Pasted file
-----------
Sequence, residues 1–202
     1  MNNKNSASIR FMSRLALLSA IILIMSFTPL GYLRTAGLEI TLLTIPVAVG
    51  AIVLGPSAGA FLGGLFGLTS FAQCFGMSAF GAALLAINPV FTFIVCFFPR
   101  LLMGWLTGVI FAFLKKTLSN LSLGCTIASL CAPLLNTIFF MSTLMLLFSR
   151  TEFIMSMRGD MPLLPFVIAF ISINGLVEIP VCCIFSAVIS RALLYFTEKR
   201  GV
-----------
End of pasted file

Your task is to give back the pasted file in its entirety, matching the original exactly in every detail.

Sequence, residues 1–202
     1  MNNKNSASIR FMSRLALLSA IILIMSFTPL GYLRTAGLEI TLLTIPVAVG
    51  AIVLGPSAGA FLGGLFGLTS FAQCFGMSAF GAALLAINPV FTFIVCFFPR
   101  LLMGWLTGVI FAFLKKTLSN LSLGCTIASL CAPLLNTIFF MSTLMLLFSR
   151  TEFIMSMRGD MPLLPFVIAF ISINGLVEIP VCCIFSAVIS RALLYFTEKR
   201  GV